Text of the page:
Fitzpatrick DNA Study
The Fitzpatrick DNA Study is a Y-DNA surname project initiated by The Fitzpatrick - Mac Giolla Phádraig Clan Society. As of 2018, it is one of the oldest and largest Y-DNA Irish surname studies in existence. The project has yielded surprising information about the structure and history of our Clan. We have discovered many unexpected connections, and theories have been both confirmed and overturned. Oftentimes, many more questions have been raised than answered.
The Fitzpatrick DNA Study began as the brainchild of Colleen Fitzpatrick, PhD, whose interest was sparked while returning to California having attended our first Fitzpatrick International Gathering in 2000. On her flight home she read an article in CARA, the Aer Lingus inflight magazine, which explained:
“… But surely, the wildest green-genes project in town must be the Royal Irish Academy's Genetic History and Geography of Ireland. It's a collaboration of 40 scientists, archaeologists and historians North and South, sampling DNA from prehistoric Irish bones and anonymous contemporary samples. The idea is to use new molecular-analysis techniques to link DNA with Irish surnames, tapping into the ancient genetics of Europe, the Near East and North Africa, by mapping migrations since the last Ice Age 13,000 years ago”.
Colleen realized that Y-DNA could be a means of confirming Fitzpatrick relationships in the absence of documentation that typically plagues Irish research. Since Y-DNA is co-inherited with the family name along the male line of the family, it could be used to establish Fitzpatrick family genealogies without a paper trail. To learn more, she contacted the Sorenson Foundation, which was recruiting participants for their molecular genealogy research program through Brigham Young University. The Foundation was receiving so many similar requests, that it spun off Relative Genetics a few months later to establish one of the first direct-to-consumer (DTC) DNA testing companies for genealogists. Thanks to Colleen, the Fitzpatrick study was one of the first to enroll in the new company.
Over the next two years, Colleen reassured potential DNA candidates about privacy and the prohibition against the medical use of their Y-DNA results, to coax sixteen brave Fitzpatrick DNA pioneers to be the first study participants. On 1 March, 2002, she posted to The List:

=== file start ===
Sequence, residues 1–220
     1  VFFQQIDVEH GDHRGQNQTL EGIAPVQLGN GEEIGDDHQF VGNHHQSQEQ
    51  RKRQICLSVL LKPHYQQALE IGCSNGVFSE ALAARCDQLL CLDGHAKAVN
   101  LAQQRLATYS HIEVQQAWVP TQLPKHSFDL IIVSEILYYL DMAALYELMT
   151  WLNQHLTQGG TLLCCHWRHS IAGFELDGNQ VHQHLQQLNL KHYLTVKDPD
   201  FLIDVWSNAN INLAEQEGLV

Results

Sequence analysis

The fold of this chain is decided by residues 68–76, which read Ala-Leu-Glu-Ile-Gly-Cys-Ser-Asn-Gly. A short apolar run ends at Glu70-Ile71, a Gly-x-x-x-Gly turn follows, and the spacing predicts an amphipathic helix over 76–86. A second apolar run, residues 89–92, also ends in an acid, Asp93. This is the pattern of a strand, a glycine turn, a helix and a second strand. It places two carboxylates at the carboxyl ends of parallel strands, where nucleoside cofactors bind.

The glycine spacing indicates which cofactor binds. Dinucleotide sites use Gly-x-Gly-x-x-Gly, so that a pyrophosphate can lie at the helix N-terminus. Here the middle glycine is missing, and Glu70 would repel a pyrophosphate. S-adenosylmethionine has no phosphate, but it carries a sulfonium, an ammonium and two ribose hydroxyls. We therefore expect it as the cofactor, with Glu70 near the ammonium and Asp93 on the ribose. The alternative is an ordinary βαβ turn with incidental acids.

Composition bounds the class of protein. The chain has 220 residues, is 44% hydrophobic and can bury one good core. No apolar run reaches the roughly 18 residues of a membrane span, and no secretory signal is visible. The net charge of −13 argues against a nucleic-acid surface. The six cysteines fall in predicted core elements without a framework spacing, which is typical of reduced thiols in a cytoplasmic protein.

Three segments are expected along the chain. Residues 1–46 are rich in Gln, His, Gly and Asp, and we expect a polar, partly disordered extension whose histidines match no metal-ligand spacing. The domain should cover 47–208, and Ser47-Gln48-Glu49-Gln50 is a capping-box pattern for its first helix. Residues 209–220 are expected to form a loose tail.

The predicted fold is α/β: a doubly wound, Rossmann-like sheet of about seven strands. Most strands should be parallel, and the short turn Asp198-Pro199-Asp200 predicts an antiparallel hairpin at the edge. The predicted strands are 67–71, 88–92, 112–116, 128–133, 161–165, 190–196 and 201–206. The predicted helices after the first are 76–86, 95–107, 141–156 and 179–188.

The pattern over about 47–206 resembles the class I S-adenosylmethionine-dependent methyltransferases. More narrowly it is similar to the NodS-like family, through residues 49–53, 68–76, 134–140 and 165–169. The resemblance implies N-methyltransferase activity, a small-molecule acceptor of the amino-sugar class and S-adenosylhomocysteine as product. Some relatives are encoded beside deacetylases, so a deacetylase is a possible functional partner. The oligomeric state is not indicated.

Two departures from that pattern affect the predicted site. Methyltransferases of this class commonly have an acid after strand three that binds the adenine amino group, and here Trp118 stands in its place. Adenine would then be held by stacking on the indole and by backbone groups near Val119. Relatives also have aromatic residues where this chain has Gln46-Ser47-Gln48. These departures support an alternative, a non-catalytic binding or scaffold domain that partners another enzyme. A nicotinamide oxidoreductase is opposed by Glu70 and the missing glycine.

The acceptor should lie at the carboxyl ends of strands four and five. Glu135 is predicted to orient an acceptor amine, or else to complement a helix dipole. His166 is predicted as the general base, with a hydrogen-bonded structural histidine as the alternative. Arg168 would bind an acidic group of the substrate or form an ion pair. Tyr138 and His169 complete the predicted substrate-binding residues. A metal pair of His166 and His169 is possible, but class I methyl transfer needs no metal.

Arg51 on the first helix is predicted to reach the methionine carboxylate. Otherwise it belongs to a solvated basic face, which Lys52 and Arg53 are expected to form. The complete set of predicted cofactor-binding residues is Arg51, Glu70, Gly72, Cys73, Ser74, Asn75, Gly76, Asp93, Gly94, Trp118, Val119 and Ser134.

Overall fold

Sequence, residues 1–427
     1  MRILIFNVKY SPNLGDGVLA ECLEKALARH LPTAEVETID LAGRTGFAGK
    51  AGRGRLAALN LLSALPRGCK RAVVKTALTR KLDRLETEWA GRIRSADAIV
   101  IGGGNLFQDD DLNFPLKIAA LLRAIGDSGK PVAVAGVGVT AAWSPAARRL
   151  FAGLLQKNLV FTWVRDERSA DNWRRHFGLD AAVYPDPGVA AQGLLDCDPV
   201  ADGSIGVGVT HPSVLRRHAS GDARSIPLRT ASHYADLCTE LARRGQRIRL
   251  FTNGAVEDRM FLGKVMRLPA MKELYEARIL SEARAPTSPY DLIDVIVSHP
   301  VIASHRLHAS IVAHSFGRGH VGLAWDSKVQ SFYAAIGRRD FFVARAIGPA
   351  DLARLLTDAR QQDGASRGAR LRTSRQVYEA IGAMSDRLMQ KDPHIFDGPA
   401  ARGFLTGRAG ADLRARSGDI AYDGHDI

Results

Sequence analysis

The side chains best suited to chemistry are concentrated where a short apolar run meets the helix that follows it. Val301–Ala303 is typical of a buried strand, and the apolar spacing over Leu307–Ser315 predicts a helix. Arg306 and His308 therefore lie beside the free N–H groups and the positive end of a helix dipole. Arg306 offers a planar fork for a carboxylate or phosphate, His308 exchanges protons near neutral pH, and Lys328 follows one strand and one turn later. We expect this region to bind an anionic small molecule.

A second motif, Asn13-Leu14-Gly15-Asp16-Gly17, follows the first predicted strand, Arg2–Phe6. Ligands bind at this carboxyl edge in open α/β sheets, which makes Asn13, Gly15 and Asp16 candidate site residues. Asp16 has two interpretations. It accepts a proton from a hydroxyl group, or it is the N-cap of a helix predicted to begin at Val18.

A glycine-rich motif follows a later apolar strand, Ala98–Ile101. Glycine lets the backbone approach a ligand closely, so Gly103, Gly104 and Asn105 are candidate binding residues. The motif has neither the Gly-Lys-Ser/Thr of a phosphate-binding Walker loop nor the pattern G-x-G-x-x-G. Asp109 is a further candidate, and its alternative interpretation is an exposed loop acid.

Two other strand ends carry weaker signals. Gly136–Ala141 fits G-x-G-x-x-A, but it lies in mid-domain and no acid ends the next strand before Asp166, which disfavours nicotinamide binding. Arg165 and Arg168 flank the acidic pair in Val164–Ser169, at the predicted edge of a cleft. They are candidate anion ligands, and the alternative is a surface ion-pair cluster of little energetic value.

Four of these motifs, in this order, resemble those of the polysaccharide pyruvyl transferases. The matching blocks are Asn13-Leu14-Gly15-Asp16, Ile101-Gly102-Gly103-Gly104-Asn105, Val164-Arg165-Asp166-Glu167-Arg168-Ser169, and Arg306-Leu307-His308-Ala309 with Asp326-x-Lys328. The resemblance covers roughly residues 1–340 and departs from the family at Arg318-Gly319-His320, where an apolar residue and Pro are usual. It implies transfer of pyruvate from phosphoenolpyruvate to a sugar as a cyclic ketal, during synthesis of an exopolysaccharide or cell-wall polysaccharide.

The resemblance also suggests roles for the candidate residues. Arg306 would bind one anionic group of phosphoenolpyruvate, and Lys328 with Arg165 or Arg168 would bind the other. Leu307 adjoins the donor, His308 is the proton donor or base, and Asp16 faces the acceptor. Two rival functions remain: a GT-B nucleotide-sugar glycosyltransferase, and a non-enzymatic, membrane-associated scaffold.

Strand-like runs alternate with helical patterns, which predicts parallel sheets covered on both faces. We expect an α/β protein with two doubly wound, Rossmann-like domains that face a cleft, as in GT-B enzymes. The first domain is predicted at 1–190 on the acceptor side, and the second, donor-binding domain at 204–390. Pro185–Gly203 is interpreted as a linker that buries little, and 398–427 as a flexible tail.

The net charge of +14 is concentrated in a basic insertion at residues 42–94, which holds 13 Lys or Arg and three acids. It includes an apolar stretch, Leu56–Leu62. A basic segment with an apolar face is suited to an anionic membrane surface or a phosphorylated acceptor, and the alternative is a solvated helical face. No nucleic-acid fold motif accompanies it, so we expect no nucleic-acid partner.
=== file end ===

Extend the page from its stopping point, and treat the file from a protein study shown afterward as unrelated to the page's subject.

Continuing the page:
"Hello, just to let you all know that the Fitzpatrick DNA study is officially in the testing phase as of today. We managed to get 16 participants to send in DNA samples, from Australia, Ireland, England, Scotland, and the US. The tests will take three to four weeks, after which each person will be sent an individual report on his own DNA profile, and a group report will be sent out to myself and Ronan Fitzpatrick in Dublin, and then immediately copied to the other participants. If you weren't able to participate this time around, we hope there will be future rounds of testing once this round is complete and we've had a chance to understand the results. You can always contact me with questions or to tell me of your future interest. Thanks for everyone who either wrote in about the study or volunteered to be a part of it. We are on the leading edge of genealogy in doing this, and probably one of the first, if not THE first Irish clan to trace their international heritage using genetic tools.”
The first set of results took a few months to complete. Colleen finally received them the night before the Second International Fitzpatrick Clan Gathering in July 2002. Surprisingly, the results showed that only two of the participants were even remotely related.
Eighteen years later, the Fitzpatrick study has grown to nearly 400 members with an immense impact upon our understanding of our Clan history. Some who carry the surname Fitzpatrick learned that they are not genetically Fitzpatricks, while others without a knowledge of their ancestry have found their counties of origin through matches with Fitzpatricks who are presently living in Ireland.
Our study has shown that the Fitzpatrick Clan is genetically diverse, with an interesting and complicated history. Half of our members belong to family groups originating from the four corners and centre of Ireland, from Co. Laois, Co. Cork, Co. Down, Co. Clare, and Co. Cavan. About a quarter of us belong to a few smaller groups of unknown origins, while the remaining quarter are singleton Fitzpatricks, still waiting to find matches to any surname at all.
If you have any questions, please email Dr. Colleen Fitzpatrick on the List.